Denzel Washington in ‘Flight’/Image © Robert Zuckerman/Paramount Pictures
“Flight” landed in theaters last week freighted with enough backstory baggage to fill an airplane hangar. There’s the ubiquitous redemption chestnut about Robert Zemeckis’ return to live-action dramatic filmmaking after his detour down the digital rabbit hole yielded a series of strange and stilted films seemingly aimed to please neither adults nor children. And much ado has been made about Denzel Washington’s decision to play against type as an Alpha whose success is driven not by dignity nor decency but by drink and debauchery. We’re now nearing the denouement of this fairy tale, at which point Zemeckis and Washington will have all but locked slots on critics’ ten-best lists and as pace-setters in their respective Oscar races.
Still, there’s one dramatic redemption story in the background of “Flight” that may have gone overlooked. A recent flurry of online chatter has pointed out striking similarities between the hard-drinking pilot in “Flight” and the narrative in one of the firsthand success stories collected at the end of the Alcoholics Anonymous bible, known as The Big Book. In the narrative, a successful commercial airline pilot was discovered flying drunk, lost his license, spent eighteen months in jail, sobered up, and eventually worked his way back into the cockpit.
By no means is anyone suggesting that “Flight” screenwriter John Gatins didn’t give credit where it was due or that his screenplay should compete for the “Best Adapted” Oscar instead of taking its place among the originals. The drunken pilot has become an hoary cliché that evokes images of Leslie Nielsen and bad open mic comedy routines. But there are some fascinating parallels to be drawn between the AA narrator – a Native American who had prevailed over significant cultural and economic obstacles to succeed among the predominantly white top gun professional pilots – and the ace commercial pilot Denzel Washington plays in “Flight,” who is forced to confront his alcoholism after coming under investigation after a near-catastrophic accident raises suspicions that he may have been flying drunk.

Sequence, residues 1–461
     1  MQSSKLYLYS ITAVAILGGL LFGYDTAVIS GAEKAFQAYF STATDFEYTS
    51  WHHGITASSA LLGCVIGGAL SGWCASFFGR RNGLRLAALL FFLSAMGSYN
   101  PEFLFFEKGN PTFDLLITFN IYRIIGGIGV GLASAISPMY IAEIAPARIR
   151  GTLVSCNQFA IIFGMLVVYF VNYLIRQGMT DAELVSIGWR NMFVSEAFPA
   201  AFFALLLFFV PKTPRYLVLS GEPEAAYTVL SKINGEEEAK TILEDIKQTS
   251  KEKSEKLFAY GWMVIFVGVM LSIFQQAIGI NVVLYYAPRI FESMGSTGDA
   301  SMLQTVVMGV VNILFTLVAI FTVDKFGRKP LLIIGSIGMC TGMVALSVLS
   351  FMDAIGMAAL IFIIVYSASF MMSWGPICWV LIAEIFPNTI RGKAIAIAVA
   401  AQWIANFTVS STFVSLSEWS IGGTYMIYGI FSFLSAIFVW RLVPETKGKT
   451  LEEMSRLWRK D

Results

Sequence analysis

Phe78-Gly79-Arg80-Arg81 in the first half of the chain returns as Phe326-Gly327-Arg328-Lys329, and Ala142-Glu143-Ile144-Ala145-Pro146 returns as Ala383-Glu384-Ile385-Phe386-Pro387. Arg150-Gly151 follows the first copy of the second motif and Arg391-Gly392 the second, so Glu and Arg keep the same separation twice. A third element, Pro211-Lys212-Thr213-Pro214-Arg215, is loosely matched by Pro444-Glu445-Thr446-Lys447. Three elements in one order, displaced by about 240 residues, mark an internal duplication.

The real revelation here has more to do with the depth and breadth of the research that goes into any original screenplay than any specific inspiration Gatins might have drawn from the various source materials he collected over the many years he spent developing this script. For instance, Gatins listened to recovered black box recordings to understand and accurately capture pilot behavior during a crisis situation. And it’s hard to imagine Gatins wouldn’t have been equally thorough in investigating how his protagonist might handle a personal crisis and apply a similar rigor to researching the culture and process of addiction recovery, which constitutes much of the film’s second and third acts.
Whether or not Gatins drew inspiration from The Big Book is somewhat beside the point. (Though, considering the number of recovering addicts in Hollywood, it’s surprising more filmmakers haven’t tapped into that trove of dramatic material.) Because we now live in an age of 360-degree pop culture transparency, in which process has become inseparable from the product, it’s only a matter of time before artists in any medium serve up a list of obscure research source materials to accompany each new release, as a kind of value-added version of DVD extras. For instance, it would have added a whole new dimension to our experience watching the first two seasons of “Mad Men” had we known that creator Matthew Weiner had based the show’s tone and moral framework on Richard Yates’ Revolutionary Road.
This full disclosure approach runs a high risk for spoiler exposure and information overload. But the potential upsides – which shine a light on an artist’s obscure passions and inspirations — are too great to ignore. What do you think about the prospect of cross-referencing an index of sources used to create the latest film or TV show?